“Custom Software Development in Post Production” by Chapman, Brooks, Hart, Maskit and Sullivan

  • ©Andrew Chapman, Jack Brooks, David Hart, and Daniel Maskit

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Entry Number: 06

Title:

    Custom Software Development in Post Production

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Abstract:


    Panel Topic:

    Most post- production and digital effects work these days employs custom software to varying degrees. This software may be a necessity for the high- end work, and it mostly gets the job done, but from the perspective of the artists and other users, it is often poorly written, hard to use, and causes delays and frustration near deadlines when it can be least afforded.

    This panel consists of software developers and artists who have experience in creating and/or using such software and will discuss in broad terms what is wrong with it, why it is this way, and how it can be improved. 

    There seems to be a willingness to accept unreliable and poorly written software in our field because the average technical ability of the end users is generally much higher than in other industries. While it is true that many users are able to work around the problems they find with the software, it is still costing us greatly in wasted time and effort. It also contributes to the overall feeling that CG production is harder and more frustrating than it need be, resulting in longer hours and a less pleasurable experience for everyone. 

    Our industry is maturing, with a larger and more consistent pool of work. However, software development is still generally done in a fairly amateurish fashion. It is not enough that a piece of software works on one particular project. It needs to then be available as an easily accessible tool for doing similar jobs in the future. We need to provide a more sustainable foundation of tools, rather than simply starting from scratch with each new project.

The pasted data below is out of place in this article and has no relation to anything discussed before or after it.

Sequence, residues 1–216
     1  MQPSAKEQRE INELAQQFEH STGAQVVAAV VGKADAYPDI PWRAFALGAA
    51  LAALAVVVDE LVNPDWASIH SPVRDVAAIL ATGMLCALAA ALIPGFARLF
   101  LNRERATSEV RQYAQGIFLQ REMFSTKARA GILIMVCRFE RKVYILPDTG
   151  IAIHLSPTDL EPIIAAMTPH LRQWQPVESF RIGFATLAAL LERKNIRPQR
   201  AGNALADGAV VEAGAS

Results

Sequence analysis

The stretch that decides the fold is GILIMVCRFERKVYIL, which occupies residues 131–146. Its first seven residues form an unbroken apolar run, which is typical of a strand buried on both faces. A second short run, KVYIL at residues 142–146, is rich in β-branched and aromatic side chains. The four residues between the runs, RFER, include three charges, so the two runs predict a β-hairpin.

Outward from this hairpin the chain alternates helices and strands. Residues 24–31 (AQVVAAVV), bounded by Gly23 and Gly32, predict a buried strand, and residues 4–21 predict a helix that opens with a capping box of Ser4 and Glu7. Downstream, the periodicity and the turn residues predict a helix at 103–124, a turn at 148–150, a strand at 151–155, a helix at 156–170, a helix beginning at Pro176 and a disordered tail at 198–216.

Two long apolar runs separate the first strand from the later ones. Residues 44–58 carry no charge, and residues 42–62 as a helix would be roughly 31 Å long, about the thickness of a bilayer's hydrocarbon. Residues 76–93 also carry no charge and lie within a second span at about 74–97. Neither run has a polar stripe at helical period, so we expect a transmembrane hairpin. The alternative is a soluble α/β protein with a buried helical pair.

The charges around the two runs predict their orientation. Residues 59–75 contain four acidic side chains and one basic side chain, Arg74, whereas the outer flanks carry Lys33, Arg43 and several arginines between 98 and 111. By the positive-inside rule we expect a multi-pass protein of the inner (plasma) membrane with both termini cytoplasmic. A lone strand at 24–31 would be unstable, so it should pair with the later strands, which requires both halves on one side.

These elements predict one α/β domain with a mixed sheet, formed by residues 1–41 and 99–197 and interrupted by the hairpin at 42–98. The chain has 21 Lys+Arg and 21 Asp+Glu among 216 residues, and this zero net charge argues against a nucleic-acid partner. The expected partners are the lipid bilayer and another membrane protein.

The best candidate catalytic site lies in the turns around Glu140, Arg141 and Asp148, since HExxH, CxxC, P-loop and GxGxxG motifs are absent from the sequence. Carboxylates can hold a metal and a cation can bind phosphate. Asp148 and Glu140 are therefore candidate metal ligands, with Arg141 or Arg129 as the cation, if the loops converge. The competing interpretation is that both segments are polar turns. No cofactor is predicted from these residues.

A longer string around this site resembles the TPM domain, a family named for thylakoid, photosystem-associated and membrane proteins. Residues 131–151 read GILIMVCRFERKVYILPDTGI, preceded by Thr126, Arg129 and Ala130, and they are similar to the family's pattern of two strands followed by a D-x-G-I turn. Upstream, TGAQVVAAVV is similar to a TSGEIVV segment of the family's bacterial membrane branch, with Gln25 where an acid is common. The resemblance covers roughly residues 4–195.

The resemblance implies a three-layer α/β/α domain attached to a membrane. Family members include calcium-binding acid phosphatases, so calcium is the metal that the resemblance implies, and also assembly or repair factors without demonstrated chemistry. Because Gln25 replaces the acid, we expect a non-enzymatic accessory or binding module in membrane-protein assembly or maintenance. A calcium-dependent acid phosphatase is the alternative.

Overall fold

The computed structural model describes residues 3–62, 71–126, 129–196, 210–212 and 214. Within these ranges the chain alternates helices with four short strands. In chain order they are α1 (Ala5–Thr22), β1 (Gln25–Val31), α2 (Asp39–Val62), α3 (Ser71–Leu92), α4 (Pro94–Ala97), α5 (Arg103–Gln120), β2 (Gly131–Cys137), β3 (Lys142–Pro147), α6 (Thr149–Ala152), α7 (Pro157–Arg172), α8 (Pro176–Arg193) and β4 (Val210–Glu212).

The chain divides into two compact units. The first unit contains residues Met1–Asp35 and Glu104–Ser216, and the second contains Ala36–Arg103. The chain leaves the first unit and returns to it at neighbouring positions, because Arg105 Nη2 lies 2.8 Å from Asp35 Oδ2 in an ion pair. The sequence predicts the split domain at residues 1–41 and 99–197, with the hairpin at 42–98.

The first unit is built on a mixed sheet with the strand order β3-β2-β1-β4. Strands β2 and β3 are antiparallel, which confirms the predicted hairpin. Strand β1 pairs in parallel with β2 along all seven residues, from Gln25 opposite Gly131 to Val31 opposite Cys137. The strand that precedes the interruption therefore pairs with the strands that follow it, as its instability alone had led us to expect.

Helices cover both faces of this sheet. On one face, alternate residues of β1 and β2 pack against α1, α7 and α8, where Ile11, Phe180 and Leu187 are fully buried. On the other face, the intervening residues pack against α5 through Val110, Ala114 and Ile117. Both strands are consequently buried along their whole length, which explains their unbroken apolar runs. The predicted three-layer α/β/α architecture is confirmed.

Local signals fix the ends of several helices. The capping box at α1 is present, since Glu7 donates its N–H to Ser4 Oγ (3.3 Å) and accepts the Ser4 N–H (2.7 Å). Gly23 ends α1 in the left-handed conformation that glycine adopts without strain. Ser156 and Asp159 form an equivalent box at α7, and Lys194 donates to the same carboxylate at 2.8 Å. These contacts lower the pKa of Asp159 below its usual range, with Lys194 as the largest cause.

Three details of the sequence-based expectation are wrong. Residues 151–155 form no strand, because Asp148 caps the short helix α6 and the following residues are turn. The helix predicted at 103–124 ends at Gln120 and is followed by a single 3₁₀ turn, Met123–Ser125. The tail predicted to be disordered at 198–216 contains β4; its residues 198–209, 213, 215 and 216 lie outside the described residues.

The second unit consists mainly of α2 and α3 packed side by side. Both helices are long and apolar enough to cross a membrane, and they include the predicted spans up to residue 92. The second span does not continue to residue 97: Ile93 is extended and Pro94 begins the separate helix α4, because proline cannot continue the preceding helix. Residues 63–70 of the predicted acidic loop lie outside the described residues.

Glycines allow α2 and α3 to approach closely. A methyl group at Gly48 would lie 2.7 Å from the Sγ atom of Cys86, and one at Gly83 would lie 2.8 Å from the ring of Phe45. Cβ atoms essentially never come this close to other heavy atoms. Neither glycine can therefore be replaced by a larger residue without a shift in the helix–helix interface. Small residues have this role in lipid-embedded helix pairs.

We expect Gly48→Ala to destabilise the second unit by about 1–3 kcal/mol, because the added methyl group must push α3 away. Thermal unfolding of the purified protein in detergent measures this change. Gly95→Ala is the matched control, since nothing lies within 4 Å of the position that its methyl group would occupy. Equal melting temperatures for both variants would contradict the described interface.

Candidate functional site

Open Source software is an interesting avenue for improvement, as the nature of development in our field makes this model particularly suitable. Tools can be quickly written to get the immediate job done and then passed out to the Open Source community for the robustness and usability features they are often lacking. By the time they are needed again by the originating company, they may have improved greatly with no effort or expense on their part. 

    Making custom software Open Source also helps to alleviate the problems of using proprietary tools when a large proportion of the users are highly migratory. Users are often unwilling to dedicate themselves to learning or helping to improve custom software when they know they might soon be working elsewhere and those tools will be unavailable to them. 


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